PDA

View Full Version : Firepit Construction- fire brick or not.


eastcoastjessee
07-06-2011, 07:31 AM
I'm working in a design and starting to price it out. I'm looking at the Belgard site and it appears the firepits they are displaying use no fire brick. Does anyone have any experience doing this? And if I were to use fire brick wouldn't it have to be mortared? And how would that work with a "flexible" system like the Celtik?

Thanks.

DVS Hardscaper
07-06-2011, 08:56 AM
No fire brick is need with the modular kits.

All ya gotta do is buy the kit, some adhesive, and put it together. Labor time is usually 2 hrs. Plus additional time for mitering any pacers/stone around the feature.
Posted via Mobile Device

STL Ponds and Waterfalls
07-06-2011, 01:47 PM
No fire brick is need with the modular kits.

All ya gotta do is buy the kit, some adhesive, and put it together. Labor time is usually 2 hrs. Plus additional time for mitering any pacers/stone around the feature.
Posted via Mobile Device

I don't totally agree with that system. I put a steel ring on the inside and fill with sand between the ring and srw block. Is it overkill or being to cautious? Probably, but I don't have to worry about blocks chipping or popping and hurting someone. Than again everyone has been wanting gas pits lately.

eastcoastjessee
07-06-2011, 03:15 PM
I forgot about doing a steel ring. Thanks for the input.

tadpole
07-06-2011, 04:32 PM
I make no claims as to being a hardscaper, but wouldn't the steel ring be subject to rapid oxidation due to a combination of exposure to the elements and the level of heat inherent in a firepit? Fireplace brick, on the other hand, is practically indestructible under normal use. Just being 'Consumer curious'.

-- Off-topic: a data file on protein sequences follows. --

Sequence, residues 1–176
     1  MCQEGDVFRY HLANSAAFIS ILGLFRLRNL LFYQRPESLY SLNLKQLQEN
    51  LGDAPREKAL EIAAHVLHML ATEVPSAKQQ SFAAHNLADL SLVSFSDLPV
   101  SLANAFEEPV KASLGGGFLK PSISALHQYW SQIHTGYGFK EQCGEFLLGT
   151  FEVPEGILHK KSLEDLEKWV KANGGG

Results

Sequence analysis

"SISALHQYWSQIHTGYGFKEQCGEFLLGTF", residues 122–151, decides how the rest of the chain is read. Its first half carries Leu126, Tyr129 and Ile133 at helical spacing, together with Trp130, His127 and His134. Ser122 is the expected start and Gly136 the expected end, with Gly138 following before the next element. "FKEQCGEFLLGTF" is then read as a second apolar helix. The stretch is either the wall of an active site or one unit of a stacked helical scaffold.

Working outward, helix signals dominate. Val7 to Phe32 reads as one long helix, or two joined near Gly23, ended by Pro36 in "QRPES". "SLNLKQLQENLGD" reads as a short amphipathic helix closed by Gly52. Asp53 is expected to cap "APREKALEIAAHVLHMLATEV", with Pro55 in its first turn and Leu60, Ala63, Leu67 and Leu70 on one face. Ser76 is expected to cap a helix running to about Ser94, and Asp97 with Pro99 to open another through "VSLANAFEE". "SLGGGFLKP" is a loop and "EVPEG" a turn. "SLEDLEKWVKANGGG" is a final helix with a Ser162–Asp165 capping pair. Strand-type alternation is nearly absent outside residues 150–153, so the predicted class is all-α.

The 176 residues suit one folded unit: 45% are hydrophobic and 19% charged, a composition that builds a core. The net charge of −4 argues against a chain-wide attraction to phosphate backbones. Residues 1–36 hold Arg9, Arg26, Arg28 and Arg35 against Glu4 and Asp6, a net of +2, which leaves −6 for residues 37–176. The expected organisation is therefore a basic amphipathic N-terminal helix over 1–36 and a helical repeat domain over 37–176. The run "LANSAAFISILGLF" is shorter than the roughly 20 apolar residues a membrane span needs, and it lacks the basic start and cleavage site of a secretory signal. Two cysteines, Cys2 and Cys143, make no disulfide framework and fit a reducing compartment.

STL Ponds and Waterfalls
07-06-2011, 05:23 PM
Yes they do, but think of a burnbarrels lifespan. I can't say how long they last since I haven't had one on the ground long enough. I have mine fabbed by a local steel company for under a $100 so it saves me on labor and materials. Not a whole lot but a few hours from start to finish. Now if it's a full blown mason built firepit that burns wood it will be built with firebrick since the mortar is involved already. Maybe I'll see how much a stainless ring would cost.:laugh:

White Gardens
07-06-2011, 06:45 PM
Yes they do, but think of a burnbarrels lifespan. I can't say how long they last since I haven't had one on the ground long enough. I have mine fabbed by a local steel company for under a $100 so it saves me on labor and materials. Not a whole lot but a few hours from start to finish. Now if it's a full blown mason built firepit that burns wood it will be built with firebrick since the mortar is involved already. Maybe I'll see how much a stainless ring would cost.:laugh:

You got to keep in mind though that the firebrick is expensive and also you should use a special fire-brick mortar, which is usually 10 times the cost or more of regular mortar. But, you don't use very much of it.

IMO, I like the look of fire-brick over the steel ring. You can do a better cap that is more appealing. I also don't like mixing steel with stone.

I also think that it is superior to any other method of building of building a pit. But like I said, that's only my opinion.

On the flip-side, it is a lot more expensive to custom build a pit versus a modular unit and steel ring.

....

STL Ponds and Waterfalls
07-06-2011, 07:05 PM
You got to keep in mind though that the firebrick is expensive and also you should use a special fire-brick mortar, which is usually 10 times the cost or more of regular mortar. But, you don't use very much of it.

IMO, I like the look of fire-brick over the steel ring. You can do a better cap that is more appealing. I also don't like mixing steel with stone.